Monday, August 5, 2013
C.S.A.: The Confederate States of America (2004)
Written and directed by Kevin Willmott
Rupert Pate: Sherman Hoyle
Evamaril Johnson: Patricia Johnson
Larry Peterson: John Ambrose Fauntroy V (and all other John Ambrose Fauntroys in vintage photos and film)
I got new glasses, and now I can type at a computer without everything going fuzzy. I've got a lot of reviewing to catch up on, so please accept my apologies for my absence from the reviewing scene and buckle up, because this movie is upsetting and awesome.
The pre-credits fake insurance commercial is the film in a microcosm. It's a pitch-perfect duplication of a commercial you've seen dozens of times, with a wise and middle-aged father looking out from his house to his kids playing in the yard. Everything's bathed in a golden haze of perfect sunlight. Everyone's pretty. Everyone's happy. Even though the voiceover guy is talking about providing for one's family after one dies, it's nothing but positive and uplifting images in slight slo-mo so everything makes a little bit greater emotional impression. And then the tag line: "Confederate Family Insurance: Protecting a people...and their property." Shown as a smiling, happy, subservient adolescent black boy trimming the hedges turns to the camera.
There's a dissertation that could be written about the way that thirty-second clip packs so many cultural assumptions about race, class, economics and film into its length. And the rest of the film keeps hitting the same point expertly. And yet, at the same time, the filmmakers bury their message well enough that it takes a substantial portion of the film's running time to figure out what they're really saying underneath the text of the film.
But before I go any further, I should define a term that my readers may not be all that familiar with: "alternate history". Basically, it's a type of softer science fiction where instead of the logistics of faster-than-light travel, authors look at the way things didn't turn out to explore and comment on the ways that they did. And since the defining event in American history is the war to force secessionist traitors back into the country, many authors in this genre look at ways that things could have turned out to give readers a look into a culture both alien and familiar at the same time. Harry Turtledove, probably the best-known alternate history author, created an eleven-book series set in a world where the Confederacy broke away from the USA in 1862, won a second Civil War in 1882 and fought against the USA during both world wars.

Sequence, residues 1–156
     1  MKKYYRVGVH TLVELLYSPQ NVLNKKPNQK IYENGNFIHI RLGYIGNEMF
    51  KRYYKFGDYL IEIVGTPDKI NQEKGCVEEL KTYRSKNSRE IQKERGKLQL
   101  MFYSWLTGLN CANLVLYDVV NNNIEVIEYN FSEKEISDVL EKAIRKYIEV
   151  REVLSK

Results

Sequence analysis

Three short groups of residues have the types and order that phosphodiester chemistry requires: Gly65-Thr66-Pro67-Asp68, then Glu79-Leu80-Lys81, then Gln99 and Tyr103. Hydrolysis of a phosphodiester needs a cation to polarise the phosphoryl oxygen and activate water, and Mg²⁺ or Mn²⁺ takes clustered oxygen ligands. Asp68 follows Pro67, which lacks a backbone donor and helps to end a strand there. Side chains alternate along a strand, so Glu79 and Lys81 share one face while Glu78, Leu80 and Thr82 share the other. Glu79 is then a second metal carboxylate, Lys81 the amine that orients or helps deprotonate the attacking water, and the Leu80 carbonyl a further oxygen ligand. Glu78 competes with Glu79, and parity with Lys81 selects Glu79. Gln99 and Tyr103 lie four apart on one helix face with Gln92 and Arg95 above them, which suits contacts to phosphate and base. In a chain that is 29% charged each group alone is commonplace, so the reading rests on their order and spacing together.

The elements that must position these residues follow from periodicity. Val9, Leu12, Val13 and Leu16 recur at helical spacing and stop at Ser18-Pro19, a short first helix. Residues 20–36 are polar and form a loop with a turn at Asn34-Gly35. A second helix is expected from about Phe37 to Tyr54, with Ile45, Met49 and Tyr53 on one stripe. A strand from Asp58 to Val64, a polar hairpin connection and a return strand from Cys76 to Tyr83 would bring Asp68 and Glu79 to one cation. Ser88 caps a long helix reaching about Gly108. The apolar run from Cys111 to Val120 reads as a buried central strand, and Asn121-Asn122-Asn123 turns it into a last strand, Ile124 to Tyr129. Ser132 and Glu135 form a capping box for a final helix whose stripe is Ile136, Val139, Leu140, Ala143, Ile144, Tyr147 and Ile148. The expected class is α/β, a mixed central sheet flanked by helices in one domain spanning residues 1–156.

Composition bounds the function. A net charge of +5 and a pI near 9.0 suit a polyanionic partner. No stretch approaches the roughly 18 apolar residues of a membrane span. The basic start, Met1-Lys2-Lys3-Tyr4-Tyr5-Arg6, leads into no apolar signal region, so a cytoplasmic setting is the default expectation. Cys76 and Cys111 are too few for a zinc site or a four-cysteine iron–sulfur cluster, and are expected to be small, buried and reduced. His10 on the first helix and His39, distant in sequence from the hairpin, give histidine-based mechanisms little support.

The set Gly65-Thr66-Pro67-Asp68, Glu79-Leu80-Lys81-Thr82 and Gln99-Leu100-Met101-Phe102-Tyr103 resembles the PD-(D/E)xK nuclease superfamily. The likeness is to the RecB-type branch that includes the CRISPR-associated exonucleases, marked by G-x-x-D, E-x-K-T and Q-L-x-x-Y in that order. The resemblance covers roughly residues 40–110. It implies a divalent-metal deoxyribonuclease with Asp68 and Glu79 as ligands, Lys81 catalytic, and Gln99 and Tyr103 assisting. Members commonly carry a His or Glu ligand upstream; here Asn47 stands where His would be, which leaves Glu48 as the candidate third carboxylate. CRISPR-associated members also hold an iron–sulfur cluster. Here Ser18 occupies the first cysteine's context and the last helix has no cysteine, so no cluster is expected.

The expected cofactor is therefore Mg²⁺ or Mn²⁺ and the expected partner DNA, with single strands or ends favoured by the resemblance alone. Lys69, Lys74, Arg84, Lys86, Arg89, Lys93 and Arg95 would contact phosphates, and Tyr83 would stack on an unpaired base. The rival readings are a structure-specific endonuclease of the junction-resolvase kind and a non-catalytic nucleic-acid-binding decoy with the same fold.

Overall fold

One of the hallmarks of alternate history is seeing how real-world people show up in the newly created worlds and how they act in the new circumstances (Turtledove had Ronald Reagan as a football radio announcer in the 1930s calling himself "Dutch" in one of his books, for example). It's a way to challenge assumptions and to give quick fictive cameos to people that would be universally known in the real world; it's also a way to show just how different the newly created worlds can be. Or, in some cases, how they're really the same (J. Edgar Hoover being installed as the head of the American SS in a victorious-Nazi timeline uses the same tactics that he did as head of the FBI in our world in "K" by Daniel Easterman).
All right. Back to the film. There's layers at work here; the movie is presented as the British Broadcasting Service's controversial documentary about 150 years of Confederate American history. So right away in the fictive construct of the movie we're looking at the unofficial history, the not-necessarily-approved look from outside at a political structure, culture and people (for even greater realism, the movie was shot in the 1.33:1 aspect ratio; I imagine this plays a lot better on television at home than it would in a theater just because the filmmakers did such an outstanding job at duplicating a TV broadcast, down to the "viewer discretion is advised" tag at the beginning). It's also a perfectly tuned parody of the Ken Burns documentary on the Civil War, with vintage photos and voiceovers, old film footage, two main talking head experts explaining the Confederate world, and other commentators explaining the historical context of the Confederate society.